For us the default setting was the 2 M.2 SSD boot drives set up in a RAID-1 mirror for redundancy, ready for an OS install while the data drives remained ready to roll for data storage and sharing. And this is where the main strike for me comes up – Every server I deploy has at least a RAID-5 configuration for data redundancy. I get I can’t have it all, and RAID-5 requires a minimum of 3 disks, but oh my that would make this perfect.
For graphical capability, the configuration can be customized to include an NVIDIA Tesla T4 16GB PCIe Passive GPU to accelerate performance for another couple thousand added to the price tag.
Setup and Operation
We do a lot of Windows Server here professionally so our test run was a build on Windows Server 2019. A clean install straight from USB media was pretty straightforward, but we went through spinning up the ISO through Lenovo’s XClarity controls on boot. With the preset scripts and the Windows ISO on hand, we were actually up and running in about half an hour.
The processor in our review model is the top end of the Xeon-D 2100 series, giving us 16 cores. The SE350 does have some more budget friendly options starting at 4 cores and shaving a couple thousand off of the price, but we were going to have some fun with the power we had.
The one place you will save a little bit of money for you Windows folks like us is on licensing. Maxing out the Xeon-D 2100 at 16 cores means that it juuuuust fits for 1 Windows Server Standard license, which also provides 2 Hyper-V instances. Bigger servers that have multiple Xeon octa or 12-core processors will require you to purchase additional per-core licensing past 16.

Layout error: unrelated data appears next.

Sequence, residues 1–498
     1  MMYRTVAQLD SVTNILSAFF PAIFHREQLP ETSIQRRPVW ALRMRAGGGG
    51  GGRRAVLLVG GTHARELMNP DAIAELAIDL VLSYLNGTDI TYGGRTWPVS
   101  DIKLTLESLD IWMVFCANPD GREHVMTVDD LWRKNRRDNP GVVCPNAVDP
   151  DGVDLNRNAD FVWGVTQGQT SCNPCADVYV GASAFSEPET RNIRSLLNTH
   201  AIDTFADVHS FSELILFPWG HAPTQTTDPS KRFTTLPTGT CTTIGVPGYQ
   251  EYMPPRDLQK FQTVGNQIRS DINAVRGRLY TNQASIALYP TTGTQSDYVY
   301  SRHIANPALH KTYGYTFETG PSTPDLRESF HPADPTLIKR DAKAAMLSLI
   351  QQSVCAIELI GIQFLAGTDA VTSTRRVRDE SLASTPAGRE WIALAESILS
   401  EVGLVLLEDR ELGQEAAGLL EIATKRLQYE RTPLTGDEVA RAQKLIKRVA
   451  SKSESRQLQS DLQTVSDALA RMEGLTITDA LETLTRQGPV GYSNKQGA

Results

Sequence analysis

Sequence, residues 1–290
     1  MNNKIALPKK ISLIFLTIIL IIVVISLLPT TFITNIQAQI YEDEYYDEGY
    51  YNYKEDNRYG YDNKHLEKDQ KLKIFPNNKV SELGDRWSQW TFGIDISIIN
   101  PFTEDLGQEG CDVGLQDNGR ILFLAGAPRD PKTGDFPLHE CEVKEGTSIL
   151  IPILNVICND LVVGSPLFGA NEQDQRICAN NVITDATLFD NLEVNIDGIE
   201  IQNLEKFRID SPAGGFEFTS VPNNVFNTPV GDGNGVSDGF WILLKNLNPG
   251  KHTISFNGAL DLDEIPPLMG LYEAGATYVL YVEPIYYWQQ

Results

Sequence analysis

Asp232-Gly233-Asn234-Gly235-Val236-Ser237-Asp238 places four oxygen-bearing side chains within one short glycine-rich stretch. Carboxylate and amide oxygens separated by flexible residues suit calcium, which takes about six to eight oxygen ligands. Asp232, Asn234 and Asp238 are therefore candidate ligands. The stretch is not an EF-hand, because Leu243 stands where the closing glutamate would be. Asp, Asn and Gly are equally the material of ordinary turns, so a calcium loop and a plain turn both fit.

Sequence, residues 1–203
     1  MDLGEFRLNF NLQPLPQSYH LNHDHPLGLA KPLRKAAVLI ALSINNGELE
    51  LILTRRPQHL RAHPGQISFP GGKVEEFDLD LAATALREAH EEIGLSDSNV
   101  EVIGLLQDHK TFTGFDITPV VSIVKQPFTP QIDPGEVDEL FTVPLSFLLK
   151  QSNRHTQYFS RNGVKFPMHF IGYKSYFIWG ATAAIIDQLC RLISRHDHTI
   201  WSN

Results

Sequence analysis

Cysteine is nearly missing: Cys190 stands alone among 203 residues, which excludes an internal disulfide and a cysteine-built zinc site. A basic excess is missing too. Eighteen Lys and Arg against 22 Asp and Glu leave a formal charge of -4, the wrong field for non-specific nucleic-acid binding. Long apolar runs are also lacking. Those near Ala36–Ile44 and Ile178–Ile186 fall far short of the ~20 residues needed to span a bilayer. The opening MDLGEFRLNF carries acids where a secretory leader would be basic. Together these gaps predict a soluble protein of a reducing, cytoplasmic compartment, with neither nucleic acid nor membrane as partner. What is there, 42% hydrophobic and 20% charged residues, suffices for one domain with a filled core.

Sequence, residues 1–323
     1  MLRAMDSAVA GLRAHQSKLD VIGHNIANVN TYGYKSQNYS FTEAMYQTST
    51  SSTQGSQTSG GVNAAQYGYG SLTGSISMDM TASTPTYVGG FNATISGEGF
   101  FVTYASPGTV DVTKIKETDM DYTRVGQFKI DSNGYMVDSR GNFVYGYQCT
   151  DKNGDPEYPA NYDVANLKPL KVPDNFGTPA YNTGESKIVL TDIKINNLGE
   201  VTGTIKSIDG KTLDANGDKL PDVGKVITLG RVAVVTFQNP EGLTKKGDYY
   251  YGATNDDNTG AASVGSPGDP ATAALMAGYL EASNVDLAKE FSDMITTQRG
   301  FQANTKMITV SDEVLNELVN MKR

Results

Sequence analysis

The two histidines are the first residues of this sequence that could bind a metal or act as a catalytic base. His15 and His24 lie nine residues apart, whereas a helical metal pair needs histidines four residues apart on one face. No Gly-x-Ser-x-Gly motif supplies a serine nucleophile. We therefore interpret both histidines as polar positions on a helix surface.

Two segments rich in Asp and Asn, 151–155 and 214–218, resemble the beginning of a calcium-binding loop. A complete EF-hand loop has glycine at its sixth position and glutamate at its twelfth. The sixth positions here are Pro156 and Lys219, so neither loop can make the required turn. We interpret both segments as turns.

Once the OS is up and running (and having the network topology you need through XCC) we had no issues with any sort of standard Active Directory setup. We spun up Hyper-V, making a virtual domain controller and secondary server, turning our single SE350 into a three-server domain.
And fun fact – while this doesn’t come close to the size of many modern servers, it can still sound like a jet engine taking off on boot. But come on, we’re all used to that.
Let me start by talking about how swole I can get carrying around towers and racking server systems. My meathead athlete friends can keep their free weights – I keep up with what I call “server presses.” The ThinkSystem SE350 on the other hand can be carried like a notebook, fit into tight spaces, and can be deployed in groups to really get some power and redundancy. So I guess I’ll have to find something else to fit into my IT gym.
Like we mentioned up top, we were playing with an $11k box with top end specs – $13k+ if we also had the NVIDIA Tesla – which is enough to run an entire server infrastructure for a small to midsized business, at least on the Windows side. So while this is aimed to be an edge server, it still provides flexibility on use based on your configuration. Deploying Hyper-V and using the 2 instances allowed under a single Windows Server license gives you a total of three, and three strong ones at that. 16 cores and 256GB of memory to play with really opens up some options. The entry level model is a 4 core Xeon-D with 8GB memory for about $3k (available right now at a steal for $1300), but you will get of this server every bit you put into it. With the exception of the lack of RAID-5 as a storage option, The ThinkSystem SE350 is small and flexible for most SMB’s to run whatever they need to.